I am not a big fan of Oliver Stone. While I admire his willingness when it comes to what subjects he wishes to tackle and how closely dedicated he seems to be towards what he chooses to tell, there’s a common problem I find with his work especially when it tries to tell a story within said area: they feel so one-sided. So when the idea came about that he was set to direct a film about the life of Edward Snowden rather quickly after Laura Poitras covered him in her documentary Citizenfour, two things came to my mind: 1) why is a biopic about him being released this soon after Citizenfour, and 2) do we really have enough information about Edward Snowden to make a biopic this instant? It made clear to me why Snowden was a pointless film.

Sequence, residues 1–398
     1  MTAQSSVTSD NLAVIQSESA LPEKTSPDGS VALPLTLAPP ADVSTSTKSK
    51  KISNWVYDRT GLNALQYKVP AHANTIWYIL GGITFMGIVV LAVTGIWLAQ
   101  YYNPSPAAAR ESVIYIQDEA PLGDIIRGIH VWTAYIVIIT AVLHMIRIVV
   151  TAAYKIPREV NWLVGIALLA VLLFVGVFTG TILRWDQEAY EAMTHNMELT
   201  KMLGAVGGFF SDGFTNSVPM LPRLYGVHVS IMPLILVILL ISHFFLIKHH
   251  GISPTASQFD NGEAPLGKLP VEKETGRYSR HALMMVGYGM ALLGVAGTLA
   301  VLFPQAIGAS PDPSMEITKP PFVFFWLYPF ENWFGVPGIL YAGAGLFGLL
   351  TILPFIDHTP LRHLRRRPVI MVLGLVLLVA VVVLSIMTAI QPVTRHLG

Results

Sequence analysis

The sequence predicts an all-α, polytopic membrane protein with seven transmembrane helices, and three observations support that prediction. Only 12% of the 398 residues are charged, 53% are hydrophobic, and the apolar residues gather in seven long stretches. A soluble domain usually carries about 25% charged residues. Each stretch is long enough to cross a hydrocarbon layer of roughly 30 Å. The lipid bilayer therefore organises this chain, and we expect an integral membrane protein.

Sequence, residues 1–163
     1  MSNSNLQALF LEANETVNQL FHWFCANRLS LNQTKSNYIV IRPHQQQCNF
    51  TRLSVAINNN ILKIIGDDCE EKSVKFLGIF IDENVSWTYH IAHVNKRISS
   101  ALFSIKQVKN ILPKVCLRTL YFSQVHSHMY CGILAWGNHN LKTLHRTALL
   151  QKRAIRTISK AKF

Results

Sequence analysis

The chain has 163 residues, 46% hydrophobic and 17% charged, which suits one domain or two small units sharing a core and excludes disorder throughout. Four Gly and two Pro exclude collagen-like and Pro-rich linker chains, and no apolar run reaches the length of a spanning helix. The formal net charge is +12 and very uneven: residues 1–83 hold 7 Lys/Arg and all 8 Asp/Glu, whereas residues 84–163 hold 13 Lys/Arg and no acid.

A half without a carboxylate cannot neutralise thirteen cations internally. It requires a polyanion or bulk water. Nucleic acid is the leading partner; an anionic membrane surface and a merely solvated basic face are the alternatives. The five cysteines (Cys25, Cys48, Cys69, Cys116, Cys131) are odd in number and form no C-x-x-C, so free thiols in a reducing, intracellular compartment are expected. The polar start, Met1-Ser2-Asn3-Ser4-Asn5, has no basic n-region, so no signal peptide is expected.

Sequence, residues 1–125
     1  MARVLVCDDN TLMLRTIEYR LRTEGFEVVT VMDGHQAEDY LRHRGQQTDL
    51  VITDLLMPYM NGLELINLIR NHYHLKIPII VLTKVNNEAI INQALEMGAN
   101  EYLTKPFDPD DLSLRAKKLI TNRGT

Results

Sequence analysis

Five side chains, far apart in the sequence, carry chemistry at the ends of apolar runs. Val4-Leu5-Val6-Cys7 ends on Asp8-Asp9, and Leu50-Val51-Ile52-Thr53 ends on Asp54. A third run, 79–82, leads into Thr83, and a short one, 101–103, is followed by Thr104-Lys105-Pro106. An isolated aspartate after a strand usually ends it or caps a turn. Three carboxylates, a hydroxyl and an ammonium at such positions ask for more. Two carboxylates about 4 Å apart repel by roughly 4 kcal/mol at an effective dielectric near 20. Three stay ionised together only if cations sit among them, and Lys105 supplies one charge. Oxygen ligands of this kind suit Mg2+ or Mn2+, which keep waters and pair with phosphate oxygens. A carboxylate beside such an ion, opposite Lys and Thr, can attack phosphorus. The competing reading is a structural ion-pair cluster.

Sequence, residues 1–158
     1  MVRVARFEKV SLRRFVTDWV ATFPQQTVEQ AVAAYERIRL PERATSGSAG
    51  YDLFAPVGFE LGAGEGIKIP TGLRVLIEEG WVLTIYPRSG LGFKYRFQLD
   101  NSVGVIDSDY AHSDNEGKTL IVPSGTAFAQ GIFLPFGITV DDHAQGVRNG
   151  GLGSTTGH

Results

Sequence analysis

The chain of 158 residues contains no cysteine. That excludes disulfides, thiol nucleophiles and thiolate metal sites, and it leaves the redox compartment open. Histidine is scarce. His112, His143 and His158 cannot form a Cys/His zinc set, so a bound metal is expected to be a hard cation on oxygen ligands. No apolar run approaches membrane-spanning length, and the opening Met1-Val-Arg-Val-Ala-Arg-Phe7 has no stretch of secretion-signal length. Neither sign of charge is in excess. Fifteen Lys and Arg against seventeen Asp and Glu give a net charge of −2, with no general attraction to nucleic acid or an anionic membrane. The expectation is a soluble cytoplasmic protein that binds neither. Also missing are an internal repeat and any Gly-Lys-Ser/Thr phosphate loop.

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I’m not a huge Star Trek fan personally. I was always rather indifferent to the series (even though I admittedly quite love The Wrath of Khan) but when the series hits its highest points, it’s usually rather interesting what pops out. With Star Trek Beyond I was admittedly rather skeptical because I was not particularly fond of J. J. Abrams’s takes on the series and now with Justin Lin behind the camera, there were only two things that I could expect knowing that a radically different approach were going to be made with the series. Either it could go down the path to which Lin chose to suit the Fast and the Furious films (which I’ve never been to fond of) and in turn head down a much worse route or bring a kick of energy to the franchise that could grab my interest. Thankfully, Star Trek Beyond leaned toward the latter, even if it suffers what the previous reboots suffered through at the same time. Continue reading →